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There is so many structure in Linux wireless driver mac80211. something like struct net_device, struct ieee80211_hw, struct ieee80211_vif and struct ieee80211_local and so on. So many structures that I don't understand what information they contain and when them were initialized. How can I learn about them and the whole architecture of wireless driver? I don't what to do now.

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Hi, Welcome to stackoverflow. Good questions, which get good answers usually have a narrower and more specific question than the one you've asked here, which is very broad and open-ended. – Flexo Aug 23 '11 at 22:16
The best I can really suggest from this question is reading the source ( is very handy), lurking on some of the mailing lists ( and trying out some changes of your own. If you're able to do that and then pose a more specific question I think you'll get much better answers. – Flexo Aug 23 '11 at 22:18

You may want to check out Johannes Berg's (mac80211 maintainer) slides here:

They may be somewhat outdated but should give you a place to start.

A high level description of the Linux WiFi kernel stack:

  1. It's important to understand there are 2 paths in which userspace communicates with the kernel when we're talking about WiFi:
    • Data path: the data being received is passed from the wireless driver to the netdev core (usually using netif_rx()). From there the net core will pass it through the TCP/IP stack code and will queue it on the relevant sockets from which the userspace process will read it. On the Tx path packets will be sent from the netdev core to the wireless driver using the ndo_start_xmit() callback. The driver registers (like other netdevices such as an ethernet driver) a set of operations callbacks by using the struct net_device_ops.
    • Control path: This path is how userspace controls the WiFi interface/device and performs operations like scan / authentication / association. The userspace interface is based on netlink and called nl80211 (see include/uapi/linux/nl80211.h). You can send commands and get events in response.
  2. When you send an nl80211 command it gets initially handled by cfg80211 kernel module (it's code is under net/wireless and the handlers are in net/wireless/nl80211.c). cfg80211 will usually call a lower level driver. In case of Full MAC hardware the specific HW driver is right below cfg80211. The driver below cfg80211 registers a set of ops with cfg80211 by using cfg80211_ops struct. For example see brcmfmac driver (drivers/net/wireless/brcm80211/brcmfmac/wl_cfg80211.c)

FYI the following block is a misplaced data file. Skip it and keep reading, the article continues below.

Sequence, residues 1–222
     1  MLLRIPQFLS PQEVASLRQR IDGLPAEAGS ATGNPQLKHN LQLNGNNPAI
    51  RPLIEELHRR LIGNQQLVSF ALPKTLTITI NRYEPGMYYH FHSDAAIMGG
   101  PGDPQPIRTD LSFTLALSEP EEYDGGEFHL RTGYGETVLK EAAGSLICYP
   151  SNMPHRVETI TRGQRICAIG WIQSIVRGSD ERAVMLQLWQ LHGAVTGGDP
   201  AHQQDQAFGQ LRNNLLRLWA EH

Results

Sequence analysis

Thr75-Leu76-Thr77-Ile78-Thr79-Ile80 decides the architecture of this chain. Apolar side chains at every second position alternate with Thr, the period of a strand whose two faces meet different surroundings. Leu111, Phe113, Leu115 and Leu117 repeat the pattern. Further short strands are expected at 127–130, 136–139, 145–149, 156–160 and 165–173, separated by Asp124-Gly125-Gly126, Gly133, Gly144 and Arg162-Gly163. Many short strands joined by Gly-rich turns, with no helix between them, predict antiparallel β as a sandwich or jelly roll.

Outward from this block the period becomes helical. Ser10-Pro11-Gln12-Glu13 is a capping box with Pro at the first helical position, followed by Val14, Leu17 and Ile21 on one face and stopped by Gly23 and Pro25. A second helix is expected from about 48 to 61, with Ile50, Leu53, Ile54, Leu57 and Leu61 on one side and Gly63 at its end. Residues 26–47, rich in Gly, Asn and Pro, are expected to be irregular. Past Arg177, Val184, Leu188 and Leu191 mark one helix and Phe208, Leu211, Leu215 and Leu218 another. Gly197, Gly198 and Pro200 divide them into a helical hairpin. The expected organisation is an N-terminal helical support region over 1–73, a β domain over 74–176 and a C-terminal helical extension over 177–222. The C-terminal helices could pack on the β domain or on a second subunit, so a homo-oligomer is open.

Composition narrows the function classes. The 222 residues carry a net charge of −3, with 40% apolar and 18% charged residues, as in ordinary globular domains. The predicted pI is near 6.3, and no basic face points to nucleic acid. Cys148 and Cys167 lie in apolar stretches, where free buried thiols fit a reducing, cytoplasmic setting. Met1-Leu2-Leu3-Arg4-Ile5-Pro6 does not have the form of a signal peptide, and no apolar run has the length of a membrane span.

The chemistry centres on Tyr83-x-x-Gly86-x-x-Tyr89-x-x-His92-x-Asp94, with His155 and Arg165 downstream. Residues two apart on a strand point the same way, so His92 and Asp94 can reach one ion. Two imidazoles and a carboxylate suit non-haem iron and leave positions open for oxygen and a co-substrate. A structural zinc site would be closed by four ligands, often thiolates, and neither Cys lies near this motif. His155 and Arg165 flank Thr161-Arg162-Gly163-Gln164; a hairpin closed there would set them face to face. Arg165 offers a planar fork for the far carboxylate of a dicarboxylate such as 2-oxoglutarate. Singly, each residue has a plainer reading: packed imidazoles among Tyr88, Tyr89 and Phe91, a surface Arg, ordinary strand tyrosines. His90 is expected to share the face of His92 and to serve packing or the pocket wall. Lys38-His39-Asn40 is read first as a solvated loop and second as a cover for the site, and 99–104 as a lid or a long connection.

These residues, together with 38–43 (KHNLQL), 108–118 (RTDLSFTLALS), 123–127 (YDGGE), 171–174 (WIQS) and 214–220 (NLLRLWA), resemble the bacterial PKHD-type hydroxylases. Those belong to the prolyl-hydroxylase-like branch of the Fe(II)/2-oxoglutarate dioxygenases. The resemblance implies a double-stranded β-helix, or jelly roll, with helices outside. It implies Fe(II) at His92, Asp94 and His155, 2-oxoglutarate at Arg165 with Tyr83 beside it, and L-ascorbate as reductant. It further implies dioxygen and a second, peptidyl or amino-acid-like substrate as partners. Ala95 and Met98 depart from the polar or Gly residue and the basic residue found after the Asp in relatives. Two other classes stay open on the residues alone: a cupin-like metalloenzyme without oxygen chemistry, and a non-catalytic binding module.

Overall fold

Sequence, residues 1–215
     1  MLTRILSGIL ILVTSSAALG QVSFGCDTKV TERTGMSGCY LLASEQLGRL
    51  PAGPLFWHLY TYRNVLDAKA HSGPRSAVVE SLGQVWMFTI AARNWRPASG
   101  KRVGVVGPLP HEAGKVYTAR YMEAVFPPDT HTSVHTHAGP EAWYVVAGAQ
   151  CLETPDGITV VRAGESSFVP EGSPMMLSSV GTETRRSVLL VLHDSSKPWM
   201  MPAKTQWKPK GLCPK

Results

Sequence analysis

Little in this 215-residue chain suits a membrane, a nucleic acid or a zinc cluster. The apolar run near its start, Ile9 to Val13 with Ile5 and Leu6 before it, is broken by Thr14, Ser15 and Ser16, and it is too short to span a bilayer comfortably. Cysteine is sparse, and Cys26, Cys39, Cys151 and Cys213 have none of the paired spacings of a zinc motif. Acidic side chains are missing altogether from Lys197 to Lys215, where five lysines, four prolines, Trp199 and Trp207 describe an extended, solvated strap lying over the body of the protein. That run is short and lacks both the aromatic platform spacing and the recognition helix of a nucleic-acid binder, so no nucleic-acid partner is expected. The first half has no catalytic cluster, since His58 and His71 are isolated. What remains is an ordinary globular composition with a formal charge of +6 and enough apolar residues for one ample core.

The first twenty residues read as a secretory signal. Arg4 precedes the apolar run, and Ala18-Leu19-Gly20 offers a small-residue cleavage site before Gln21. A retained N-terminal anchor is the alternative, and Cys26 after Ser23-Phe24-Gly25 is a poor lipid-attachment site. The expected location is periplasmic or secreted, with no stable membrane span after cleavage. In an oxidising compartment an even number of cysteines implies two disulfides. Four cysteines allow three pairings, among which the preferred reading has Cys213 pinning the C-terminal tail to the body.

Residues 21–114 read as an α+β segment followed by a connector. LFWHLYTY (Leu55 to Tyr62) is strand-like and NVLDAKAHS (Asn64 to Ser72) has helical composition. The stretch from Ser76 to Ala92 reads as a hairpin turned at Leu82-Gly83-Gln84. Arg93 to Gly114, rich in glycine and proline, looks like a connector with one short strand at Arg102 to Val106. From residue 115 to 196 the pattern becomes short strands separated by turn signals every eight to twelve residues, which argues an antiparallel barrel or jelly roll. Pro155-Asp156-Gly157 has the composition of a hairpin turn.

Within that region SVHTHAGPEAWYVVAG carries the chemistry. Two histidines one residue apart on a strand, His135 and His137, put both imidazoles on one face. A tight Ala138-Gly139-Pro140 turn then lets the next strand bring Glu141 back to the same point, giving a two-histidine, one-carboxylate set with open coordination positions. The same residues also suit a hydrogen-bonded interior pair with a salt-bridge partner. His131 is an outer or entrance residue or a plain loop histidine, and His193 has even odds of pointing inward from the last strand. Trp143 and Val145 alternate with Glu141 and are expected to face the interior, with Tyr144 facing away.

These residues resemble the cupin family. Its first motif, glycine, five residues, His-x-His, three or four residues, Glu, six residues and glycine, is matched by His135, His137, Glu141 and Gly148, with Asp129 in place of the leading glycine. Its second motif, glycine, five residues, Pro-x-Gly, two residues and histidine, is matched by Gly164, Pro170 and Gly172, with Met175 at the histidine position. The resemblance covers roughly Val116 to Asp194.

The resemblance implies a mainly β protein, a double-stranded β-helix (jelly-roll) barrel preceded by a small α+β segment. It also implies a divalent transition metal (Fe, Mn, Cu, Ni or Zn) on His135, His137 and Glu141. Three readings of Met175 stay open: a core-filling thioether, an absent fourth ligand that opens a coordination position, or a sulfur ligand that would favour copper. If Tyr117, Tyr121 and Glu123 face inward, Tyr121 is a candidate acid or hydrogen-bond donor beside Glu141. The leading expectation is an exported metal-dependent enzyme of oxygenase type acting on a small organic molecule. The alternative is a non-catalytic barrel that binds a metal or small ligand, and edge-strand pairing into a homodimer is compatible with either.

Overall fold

3. For Soft MAC hardware there's mac80211 which is a kernel module implementing the 802.11 MAC layer. In this case cfg80211 will talk to mac80211 which will in turn use the hardware specific lower level driver. An example of this is iwlwifi (For Intel chips).
  4. mac80211 registers itself with cfg80211 by using the cfg80211_ops (see net/mac80211/cfg.c). The specific HW driver registers itself with mac80211 by using the ieee80211_ops struct (for example drivers/net/wireless/iwlwifi/mvm/mac80211.c).
  5. Initialization of a new NIC you've connected occurs from the bottom up the stack. The HW specific driver will call mac80211's ieee80211_allow_hw() usually after probing the HW. ieee80211_alloc_hw() gets the size of private data struct used by the HW driver. It in turns calls cfg80211 wiphy_new() which does the actual allocation of space sufficient for the wiphy struct, the ieee80211_local struct (which is used by mac80211) and the HW driver private data (the layering is seen in ieee80211_alloc_hw code). ieee80211_hw is an embedded struct within ieee80211_local which is "visible" to the the HW driver. All of these (wiphy, ieee80211_local, ieee80211_hw) represent a single physical device connected.
  6. On top of a single physical device (also referred to as phy) you can set up multiple virtual interfaces. These are essentially what you know as wlan0 or wlan1 which you control with ifconfig. Each such virtual interface is represented by an ieee80211_vif. This struct also contains at the end private structs accessed by the HW driver. Multiple interfaces can be used to run something like a station on wlan0 and an AP on wlan1 (this is possible depending on the HW capabilities).
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Such a nice explanation !!! – oneday Jan 8 at 7:58

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